Quick Recipes on Symbian OS Released!

Mastering C++ Smartphone Development (Symbian Press)As one of the co authors, I’m really exited to announce that Quick Recipes on Symbian OS has just been released by Symbian Press. According to the official literature,

The book tells you how to start developing C++ applications for Symbian smartphones from scratch and includes recipes that are divided by technology, including graphics, multimedia, location-based services, networking and messaging. Each recipe explains the length of time needed to implement it, and its difficulty level. The task is then explained in detail, and provides snippets of example code. The full sample code is provided for future reference and for use as a starting point in your own projects.

Get a copy from Amazon here, while its hot baby 😉 While at it, have a look at the book’s WiKi page, where you’ll find the recepies(code examples) and the errata.

Happy coding!

35 Useful Source Code Editors Reviewed

Notepad++Smashing magazine has just posted an excellent article reviewing no less than 35 source code editors. Its good to see an article that finally collates the good ones under one roof. Personally, I use Notepad++, which gives you all the facility of UltraEdit(R) and EditPlus(R) for free (open source) and what’s great, its got an extensive collection of plug-ins and an active developer community. And yes, its written in C++ and fast.

Happy coding!

Getting Most out of Carbide.c++ Build System

Carbide.c++ Build OptionsThe Carbide.c++ team at Nokia has just published a series of articles that explains the Carbide.c++ build system in-depth and how to get the most out of it. A recommended read for all developing software with Carbide.c++.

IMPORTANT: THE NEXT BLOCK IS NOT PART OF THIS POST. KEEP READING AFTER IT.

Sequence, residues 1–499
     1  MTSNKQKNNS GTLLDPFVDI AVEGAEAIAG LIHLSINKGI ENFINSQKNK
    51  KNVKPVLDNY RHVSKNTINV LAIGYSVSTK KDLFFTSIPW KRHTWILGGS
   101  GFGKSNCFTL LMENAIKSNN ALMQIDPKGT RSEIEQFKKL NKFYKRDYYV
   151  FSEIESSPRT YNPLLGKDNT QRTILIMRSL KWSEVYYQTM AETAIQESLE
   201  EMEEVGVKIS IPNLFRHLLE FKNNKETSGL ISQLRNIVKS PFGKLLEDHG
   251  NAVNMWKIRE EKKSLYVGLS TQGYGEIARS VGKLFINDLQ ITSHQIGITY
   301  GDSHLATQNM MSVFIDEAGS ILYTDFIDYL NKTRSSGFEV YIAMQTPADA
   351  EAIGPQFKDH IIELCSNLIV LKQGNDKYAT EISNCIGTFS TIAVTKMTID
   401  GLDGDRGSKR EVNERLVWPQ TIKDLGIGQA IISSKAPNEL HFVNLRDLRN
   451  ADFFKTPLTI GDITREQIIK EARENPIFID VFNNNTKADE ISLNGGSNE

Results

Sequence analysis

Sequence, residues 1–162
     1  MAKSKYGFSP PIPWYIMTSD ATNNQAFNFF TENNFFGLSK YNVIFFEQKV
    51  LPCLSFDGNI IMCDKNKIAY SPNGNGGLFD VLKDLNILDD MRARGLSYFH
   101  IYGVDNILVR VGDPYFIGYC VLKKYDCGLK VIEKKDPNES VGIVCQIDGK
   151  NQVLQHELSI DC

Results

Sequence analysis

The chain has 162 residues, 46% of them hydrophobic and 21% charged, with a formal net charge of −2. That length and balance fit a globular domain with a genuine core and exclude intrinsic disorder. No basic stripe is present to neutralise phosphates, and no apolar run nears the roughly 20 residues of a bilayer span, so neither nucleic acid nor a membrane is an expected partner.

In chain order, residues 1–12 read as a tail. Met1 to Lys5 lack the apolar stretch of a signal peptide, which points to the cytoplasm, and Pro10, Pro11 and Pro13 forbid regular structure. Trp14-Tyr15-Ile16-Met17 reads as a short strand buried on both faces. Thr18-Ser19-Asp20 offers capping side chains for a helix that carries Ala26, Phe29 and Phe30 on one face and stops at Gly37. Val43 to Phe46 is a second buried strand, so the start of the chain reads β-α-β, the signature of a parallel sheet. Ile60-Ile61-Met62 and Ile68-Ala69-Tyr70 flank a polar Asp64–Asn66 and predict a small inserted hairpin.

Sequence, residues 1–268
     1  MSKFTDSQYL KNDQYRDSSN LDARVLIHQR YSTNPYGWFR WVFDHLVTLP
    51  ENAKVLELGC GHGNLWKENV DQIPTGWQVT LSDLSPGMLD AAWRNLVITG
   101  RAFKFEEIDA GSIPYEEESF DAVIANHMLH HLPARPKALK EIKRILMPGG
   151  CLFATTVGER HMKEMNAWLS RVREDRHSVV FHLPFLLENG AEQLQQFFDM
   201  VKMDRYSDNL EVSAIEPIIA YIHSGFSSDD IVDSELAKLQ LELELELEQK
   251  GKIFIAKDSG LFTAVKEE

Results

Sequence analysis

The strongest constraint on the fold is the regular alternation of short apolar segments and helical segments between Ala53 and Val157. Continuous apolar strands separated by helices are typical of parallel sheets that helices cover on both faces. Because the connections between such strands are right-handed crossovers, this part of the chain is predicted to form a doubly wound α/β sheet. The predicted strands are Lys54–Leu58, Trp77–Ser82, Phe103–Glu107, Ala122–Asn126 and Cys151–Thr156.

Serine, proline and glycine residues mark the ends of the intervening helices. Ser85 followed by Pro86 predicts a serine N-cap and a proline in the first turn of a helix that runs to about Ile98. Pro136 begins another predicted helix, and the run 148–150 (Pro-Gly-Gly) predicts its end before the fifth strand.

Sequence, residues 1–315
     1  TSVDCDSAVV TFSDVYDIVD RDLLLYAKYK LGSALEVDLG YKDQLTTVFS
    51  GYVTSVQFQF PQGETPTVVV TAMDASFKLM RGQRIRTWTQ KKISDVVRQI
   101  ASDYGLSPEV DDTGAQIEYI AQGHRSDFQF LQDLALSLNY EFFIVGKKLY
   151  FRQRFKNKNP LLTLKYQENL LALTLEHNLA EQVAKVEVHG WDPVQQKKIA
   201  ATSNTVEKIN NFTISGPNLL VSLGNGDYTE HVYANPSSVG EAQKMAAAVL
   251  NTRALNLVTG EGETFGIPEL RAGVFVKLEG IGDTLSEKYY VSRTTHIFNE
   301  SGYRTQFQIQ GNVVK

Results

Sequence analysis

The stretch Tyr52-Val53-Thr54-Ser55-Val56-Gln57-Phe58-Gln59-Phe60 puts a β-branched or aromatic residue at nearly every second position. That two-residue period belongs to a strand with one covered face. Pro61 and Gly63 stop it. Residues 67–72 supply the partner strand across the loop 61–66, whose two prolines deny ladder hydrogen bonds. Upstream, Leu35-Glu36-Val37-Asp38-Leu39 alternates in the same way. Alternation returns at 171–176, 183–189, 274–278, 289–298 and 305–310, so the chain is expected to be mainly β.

Happy coding!

Ever Wondered What Macros are Defined for your Project?

Carbide.c++ Build ConfigurationA colleague of mine recently popped down at my desk, asking me if there was an easy way to find the macros defined for a Symbian project build configuration. Given that a macro can originate form different places, its not always a easy guess. Of course you can look at the usual suspects, like the HRH file for the platform (\epoc32\include\variant\Symbian_OS_*.hrh) and the MMP file itself for the MACRO directive, but it won’t give you the full list, since the Symbian tool chain will insert its own on top. So how do you get it? Enter Carbide.c++ build configurations.

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Spot the Error

Ok here’s a bog standard piece of Symbian C++. What’s wrong? Hint, its all in the status…

void CConnectionProgressObserver::RunL()
  {
  if (KErrNone == iStatus.Int())
    {
    iConnection.ProgressNotification(iProgressBuf, iStatus);
    SetActive();
    }
  // OnProgressNotificitionL is
  // a callback (void)(TNifProgress, TInt)
  iNotify->OnProgressNotificitionL(iProgressBuf(), iStatus.Int());
  }

Still didn’t get it? Read on…

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